Backup your passphrase — this is SUPER important but a general rule to security is don’t have a central point of failure. In other words, don’t just have one copy of your passphrase because if you lose it you won’t be able to access your crypto.

Protect your assets for the long term — what happens to your crypto if something happens to you? Do you have a contingency plan so someone can access your assets if need be? Most people don’t think about this but you need to have a solution so that if you memorize your passphrase then die in a freak interpretive-dance routine, someone can still access the crypto.

Avoid sharing the key — this goes against what I said in the previous tip however as a general rule it’s best NOT to share your key. If you do, maybe you want to encrypt it further so that only you and your “backup buddy” know how to access the coins if necessary.

Avoid one central point of failure — don’t take a picture of your passphrase, any digital copy of it puts you at a higher risk of getting hacked. Don’t just keep your passphrase in your house. What if your house burns down? — your passphrase and crypto are as good as gone. Safety deposit boxes or vaults are popular choices for protecting your backed up passphrases.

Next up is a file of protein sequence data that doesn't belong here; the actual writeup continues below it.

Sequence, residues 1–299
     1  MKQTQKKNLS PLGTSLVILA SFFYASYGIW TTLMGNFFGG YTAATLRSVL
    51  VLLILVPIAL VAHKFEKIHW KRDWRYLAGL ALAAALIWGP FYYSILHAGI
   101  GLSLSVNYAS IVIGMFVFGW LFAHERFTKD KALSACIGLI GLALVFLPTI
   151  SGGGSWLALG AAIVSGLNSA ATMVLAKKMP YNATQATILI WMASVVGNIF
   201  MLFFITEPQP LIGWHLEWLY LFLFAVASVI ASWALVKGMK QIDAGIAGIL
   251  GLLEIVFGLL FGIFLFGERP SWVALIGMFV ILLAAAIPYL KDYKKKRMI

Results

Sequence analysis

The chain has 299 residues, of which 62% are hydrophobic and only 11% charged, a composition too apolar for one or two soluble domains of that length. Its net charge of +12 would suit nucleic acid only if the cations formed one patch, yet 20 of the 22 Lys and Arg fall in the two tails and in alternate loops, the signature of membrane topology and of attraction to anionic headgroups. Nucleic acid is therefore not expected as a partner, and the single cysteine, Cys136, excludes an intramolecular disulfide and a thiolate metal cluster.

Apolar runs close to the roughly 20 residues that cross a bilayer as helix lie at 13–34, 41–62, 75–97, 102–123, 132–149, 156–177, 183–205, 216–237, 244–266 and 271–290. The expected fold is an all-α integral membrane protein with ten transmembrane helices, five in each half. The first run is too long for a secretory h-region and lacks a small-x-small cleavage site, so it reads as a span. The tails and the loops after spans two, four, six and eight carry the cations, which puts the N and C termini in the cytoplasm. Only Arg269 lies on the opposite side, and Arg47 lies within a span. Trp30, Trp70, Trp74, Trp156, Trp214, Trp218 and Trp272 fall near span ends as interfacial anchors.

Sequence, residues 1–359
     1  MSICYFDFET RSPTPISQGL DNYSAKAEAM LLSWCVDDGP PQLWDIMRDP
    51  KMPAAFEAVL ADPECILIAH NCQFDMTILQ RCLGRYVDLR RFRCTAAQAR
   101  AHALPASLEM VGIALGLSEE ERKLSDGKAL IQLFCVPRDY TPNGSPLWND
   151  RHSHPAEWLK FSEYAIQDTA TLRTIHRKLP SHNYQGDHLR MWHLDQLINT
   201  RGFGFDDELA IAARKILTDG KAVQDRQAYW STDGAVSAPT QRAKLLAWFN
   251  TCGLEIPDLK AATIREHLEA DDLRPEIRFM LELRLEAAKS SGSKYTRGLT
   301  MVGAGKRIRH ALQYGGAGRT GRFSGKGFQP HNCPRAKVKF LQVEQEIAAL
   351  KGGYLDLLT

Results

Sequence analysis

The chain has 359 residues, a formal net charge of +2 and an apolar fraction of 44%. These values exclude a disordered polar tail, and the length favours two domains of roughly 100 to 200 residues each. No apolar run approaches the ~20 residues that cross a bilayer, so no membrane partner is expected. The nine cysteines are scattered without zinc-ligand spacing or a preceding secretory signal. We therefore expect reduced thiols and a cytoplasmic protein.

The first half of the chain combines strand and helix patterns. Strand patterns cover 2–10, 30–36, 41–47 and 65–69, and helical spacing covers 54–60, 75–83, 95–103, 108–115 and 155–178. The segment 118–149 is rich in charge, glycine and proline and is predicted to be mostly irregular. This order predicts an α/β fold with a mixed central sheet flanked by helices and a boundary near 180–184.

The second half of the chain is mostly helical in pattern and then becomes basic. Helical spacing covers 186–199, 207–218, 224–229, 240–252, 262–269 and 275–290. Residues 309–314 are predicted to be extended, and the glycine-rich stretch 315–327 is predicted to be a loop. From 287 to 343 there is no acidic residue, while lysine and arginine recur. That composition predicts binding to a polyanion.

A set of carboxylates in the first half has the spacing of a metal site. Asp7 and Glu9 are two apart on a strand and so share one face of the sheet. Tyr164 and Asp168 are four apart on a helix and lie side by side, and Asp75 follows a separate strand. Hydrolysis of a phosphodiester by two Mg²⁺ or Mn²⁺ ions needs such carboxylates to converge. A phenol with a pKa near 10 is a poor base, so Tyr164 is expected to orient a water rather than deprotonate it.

Whatever you decide to do, make sure you give it some good thought. Only you can properly protect yourself so preparing for different scenarios are going to not only secure your assets but give you peace of mind.

The seasoned advice and tips I received that everyone should get before trading cryptocurrencies. In this article, I’ll cover setting up a wallet and getting your hard-earned Canadian Dollars converted to cryptocurrency. Next week, I’ll get into the fun stuff like staking and farming!

Before May 2021, I hadn’t personally dived into crypto investments. I say “personally” because I have to know a fair amount about crypto, blockchain, and DeFi for my job at EastCode. I could talk the talk and could go punch for punch with the folks we were developing for, but I had never traded crypto. In May 2021, I took the plunge and had a very unfair introduction to the world of trading cryptocurrency.

It was unfair because my colleagues at EastCode walked me through the entire process step-by-step. I ended up with my own multi-chain wallet that wasn’t part of some centralized exchange, paid very little in transaction fees, and was able to start staking and yield farming within a day.

After talking to some of my friends who were trying to start into crypto and ended up on centralized, non-custodial mobiles (e.g. WealthSimple), I wanted to pass on the tools and knowledge imparted to me by people who have been involved in the space for years to give folks more options.